“Chris has always been the voice of reason in the program and he is the definition of what it means to be a PCHS baseball player,” Fryrear said. “The character, work ethic and dedication to the program has been one of the best. He was one of the first guys to say ‘I love you, Coach’ after we won state last year. That will always be remembered through my eyes.”
Rodriguez played two other sports: he was the football team’s kicker and helped Plant City end a three-year playoff drought in 2018, and he also played basketball.
When Tre Ragan got a chance to crack the starting lineup this season, he took his time to shine and ran with it.
Ragan, who played in seven games in 2019, played in every game in 2020 and showed improvement everywhere. Though his glove already had a good reputation, Ragan got better with the bat and led the Raiders with a .350 average in 20 at-bats. He tied with Cothren and Dowdy for a team-high seven hits, scored five runs and stole three bases.
“Tre enjoys everything about the game but continues to be a great teammate, even off the field,” Fryrear said. “He loves to joke but he always wants to win for his teammates and P.C. baseball.”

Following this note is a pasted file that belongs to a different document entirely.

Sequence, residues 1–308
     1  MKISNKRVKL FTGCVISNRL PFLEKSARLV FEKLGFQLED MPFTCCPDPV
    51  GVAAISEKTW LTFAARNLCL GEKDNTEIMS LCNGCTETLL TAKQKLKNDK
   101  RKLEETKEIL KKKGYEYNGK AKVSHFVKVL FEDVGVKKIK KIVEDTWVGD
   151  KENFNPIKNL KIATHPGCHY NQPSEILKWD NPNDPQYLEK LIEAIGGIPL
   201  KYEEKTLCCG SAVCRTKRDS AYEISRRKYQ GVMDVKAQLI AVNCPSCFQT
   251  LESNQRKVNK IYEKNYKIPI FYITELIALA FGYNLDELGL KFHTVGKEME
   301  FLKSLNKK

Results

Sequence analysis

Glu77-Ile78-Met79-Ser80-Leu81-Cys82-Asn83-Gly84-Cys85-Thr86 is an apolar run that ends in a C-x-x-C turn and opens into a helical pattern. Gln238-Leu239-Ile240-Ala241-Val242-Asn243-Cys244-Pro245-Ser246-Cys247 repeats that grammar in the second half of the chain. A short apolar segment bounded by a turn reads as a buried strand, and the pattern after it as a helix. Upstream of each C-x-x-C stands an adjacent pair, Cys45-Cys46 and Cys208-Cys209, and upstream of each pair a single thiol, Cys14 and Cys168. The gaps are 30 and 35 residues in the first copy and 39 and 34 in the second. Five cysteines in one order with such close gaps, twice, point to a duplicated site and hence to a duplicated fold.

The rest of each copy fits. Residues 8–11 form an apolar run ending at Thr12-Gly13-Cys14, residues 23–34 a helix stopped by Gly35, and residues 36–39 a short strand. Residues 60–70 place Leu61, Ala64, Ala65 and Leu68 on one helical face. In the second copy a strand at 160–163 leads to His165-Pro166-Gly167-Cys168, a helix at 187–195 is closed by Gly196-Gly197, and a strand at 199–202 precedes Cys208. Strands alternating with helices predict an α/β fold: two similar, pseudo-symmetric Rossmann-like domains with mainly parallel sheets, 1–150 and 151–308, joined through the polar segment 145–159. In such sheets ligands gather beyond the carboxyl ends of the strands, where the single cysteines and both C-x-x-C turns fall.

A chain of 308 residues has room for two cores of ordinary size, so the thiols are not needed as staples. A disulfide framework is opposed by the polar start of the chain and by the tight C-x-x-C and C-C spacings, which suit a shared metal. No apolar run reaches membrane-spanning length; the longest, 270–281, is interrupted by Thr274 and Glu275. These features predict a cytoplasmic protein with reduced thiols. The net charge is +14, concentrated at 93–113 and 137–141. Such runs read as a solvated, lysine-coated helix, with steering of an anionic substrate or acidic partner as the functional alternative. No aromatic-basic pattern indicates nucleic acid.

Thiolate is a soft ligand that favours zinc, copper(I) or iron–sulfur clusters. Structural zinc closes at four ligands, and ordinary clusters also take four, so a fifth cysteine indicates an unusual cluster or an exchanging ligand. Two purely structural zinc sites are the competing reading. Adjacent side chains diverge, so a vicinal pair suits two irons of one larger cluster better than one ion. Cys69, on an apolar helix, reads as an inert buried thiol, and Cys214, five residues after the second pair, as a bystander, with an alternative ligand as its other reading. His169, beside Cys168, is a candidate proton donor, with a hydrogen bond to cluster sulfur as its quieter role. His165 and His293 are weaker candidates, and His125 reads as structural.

Like Rodriguez, Ragan also played high school basketball.
The third is designated hitter Brayden Crews, who batted .429 in 17 plate appearances last season. Crews made the lineup as the team’s designated hitter for 2020. His personality, Fryrear said, is essential for the team’s success.
“Brayden has been a very hard worker on and off the field,” Fryrear said. “He has been a true asset to the baseball program with his loveable character during practices and games. He keeps the team loose, accountable and dedicated to winning games… his most quality trait, I must say, is his willingness to be an overall great person and the future is sky high with him.”
The Raiders have four other seniors on the roster.
Fryrear called third baseman/designated hitter Jose Machado “one of the best character guys I’ve ever seen, as well as a program guy.” Alex Rodriguez, starting shortstop and a captain, was called the “smoothest infielder, and to see him grow into the man he is becoming may be one of my best gifts as a coach to see happen right in front of them.” Righty pitcher Wyatt Rogers is “energetic, fun, a competitor and willing to win with his brothers at all costs — respectfully, of course.” And starting catcher Chase English grew into “maybe one of the best ever” team captains, Fryrear added.
Even if they aren’t able to play baseball together again in a PCHS uniform, these seniors’ contributions to the program are going to stick around in the memories of Raider Nation for a long, long time.
Want to give the senior athlete(s) in your life a shout-out in an upcoming issue of the Plant City Observer? Email Sports/Associate Editor Justin Kline at email@example.com.